Gerly Adrien, who made history by becoming the first Black woman elected to Everett City Council in 2019 and who has publicly sparred with Mayor Carlo DeMaria, announced Friday that she’s running against him.
Calling for “bold new leadership to reimagine city hall,” Adrien aims to unseat the mayor of 13 years, who began serving on the council in 1994.
“As we have discussed through this pandemic, I think we need a leader who’s going to help our residents directly, where they can feel the impact and still have hope in their government,” Adrien said Friday.
Adrien entered the race just hours after Ward City Councilor Fred Capone, a councilor since 2013, declared his candidacy for mayor, pointing to a rocky reelection year for DeMaria.
The two councilors are among the few who vocally buck the mayor’s agenda and both indicated they are running against him to check his lock on power. Capone, the top vote-getter among all Everett councilors in 2019, said he would push for more transparency, accountability, and inclusion in city government.
“It’s time for us to move in a better direction that is more inclusive for all of our residents. Not just the few and not just the friends,” said Capone.
DeMaria, who recently kicked off his reelection campaign, expressed confidence in the community’s appreciation of his record, particularly on job creation and revitalizing public spaces.
“As Mayor, my focus has been and will continue to be on all the work that we have done to help improve the quality of life in Everett for our residents,” DeMaria said in a statement Friday. “I look forward to continuing to lead the city into a period of growth and prosperity to better the quality of life of all of our residents.”
The race could prove to be a showdown between the old and the new Everett, which is now one of the most diverse communities in the state. The insular city government has long been dominated by white politicians, often from the same families, though white, non-Hispanic residents now make up less than 44 percent of Everett’s population, according to 2019 census estimates. The rest of the population is roughly 28 percent Latino, 16.5 percent Black, and 8 percent Asian, according to American Community Survey data from 2019.
Adrien, a daughter of Haitian immigrants, claimed an upset win by topping the field of at-large candidates in 2019; she was one of three people of color to join the previously all-white council.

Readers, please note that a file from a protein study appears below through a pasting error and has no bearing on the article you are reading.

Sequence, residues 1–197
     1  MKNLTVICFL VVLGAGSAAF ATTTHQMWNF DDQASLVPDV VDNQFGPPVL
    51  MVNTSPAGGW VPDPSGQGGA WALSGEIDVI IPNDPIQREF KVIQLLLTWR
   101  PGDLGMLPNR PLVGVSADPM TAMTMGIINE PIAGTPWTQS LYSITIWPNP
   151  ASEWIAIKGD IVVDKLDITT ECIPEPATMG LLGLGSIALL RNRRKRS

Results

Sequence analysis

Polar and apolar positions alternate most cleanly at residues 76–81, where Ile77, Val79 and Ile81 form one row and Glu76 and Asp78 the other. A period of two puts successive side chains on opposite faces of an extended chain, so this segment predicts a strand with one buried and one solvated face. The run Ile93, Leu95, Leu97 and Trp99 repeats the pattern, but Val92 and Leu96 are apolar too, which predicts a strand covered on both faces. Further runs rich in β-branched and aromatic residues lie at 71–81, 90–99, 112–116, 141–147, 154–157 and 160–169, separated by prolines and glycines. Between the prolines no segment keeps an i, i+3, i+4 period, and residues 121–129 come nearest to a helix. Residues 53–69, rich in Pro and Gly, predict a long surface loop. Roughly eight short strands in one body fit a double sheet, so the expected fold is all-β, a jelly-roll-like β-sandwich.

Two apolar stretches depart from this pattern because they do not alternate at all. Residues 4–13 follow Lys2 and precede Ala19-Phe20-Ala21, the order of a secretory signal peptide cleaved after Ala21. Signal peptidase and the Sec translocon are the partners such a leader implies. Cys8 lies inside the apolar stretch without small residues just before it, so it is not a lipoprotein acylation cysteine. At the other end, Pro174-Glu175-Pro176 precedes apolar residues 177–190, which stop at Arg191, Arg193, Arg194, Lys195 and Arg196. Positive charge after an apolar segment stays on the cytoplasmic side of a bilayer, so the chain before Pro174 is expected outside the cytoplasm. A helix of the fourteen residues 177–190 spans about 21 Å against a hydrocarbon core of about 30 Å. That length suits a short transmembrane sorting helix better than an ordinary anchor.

Since then, she has made a name for herself by standing up to her fellow councilors, who have resisted her requests for information and criticized her actions.
In her newly released campaign video, she alludes to those challenges.
“At one point or another, each of us have felt left out and overlooked by our government,” Adrien says. “Many of our residents still feel unheard. I know firsthand what the struggle feels like.”
Last fall, several councilors suggested she resign if she did not agree to attend meetings in person during the pandemic. Adrien had been attending virtually but was blamed for technology problems that turned out to be the fault of the city’s equipment. Capone stood alone on the council, saying no one should be pressured to attend — and noting that the council’s bungled use of technology was violating the public meeting law.
He called himself “embarrassed” by that and other rancorous episodes at Everett City Council meetings.
“It’s unfortunate. It’s unprofessional and it’s not serving the people,” Capone said.
An outpouring of support for Adrien followed, with politicians from the region and constituents from Everett rallying outside City Hall on her behalf. Among her supporters was Kim Janey, now acting mayor of Boston, who declared: “We will stand with Gerly, and we will stand against racism.”
More recently, the mayor fumed over Adrien’s reactions to his remarks during a February virtual City Council meeting. Adrien wrote a Boston Globe opinion piece and spoke on Boston Public Radio about how, as a Black woman in politics, she feels subjected to relentless scrutiny of her appearance and her demeanor. DeMaria maintained that Adrien was being “rude” and unprofessional.
Adrien, 31, a small business owner with an MBA and a background in finance, recently advocated for a change in the city’s election structure. All councilors are currently elected citywide in Everett — an unusual method that has been successfully challenged in Lowell and other cities under the Voting Rights Act. Everett is currently seeking a charter change that could go into effect as soon as this fall and that would call for ward councilors to be chosen only by the voters of their wards.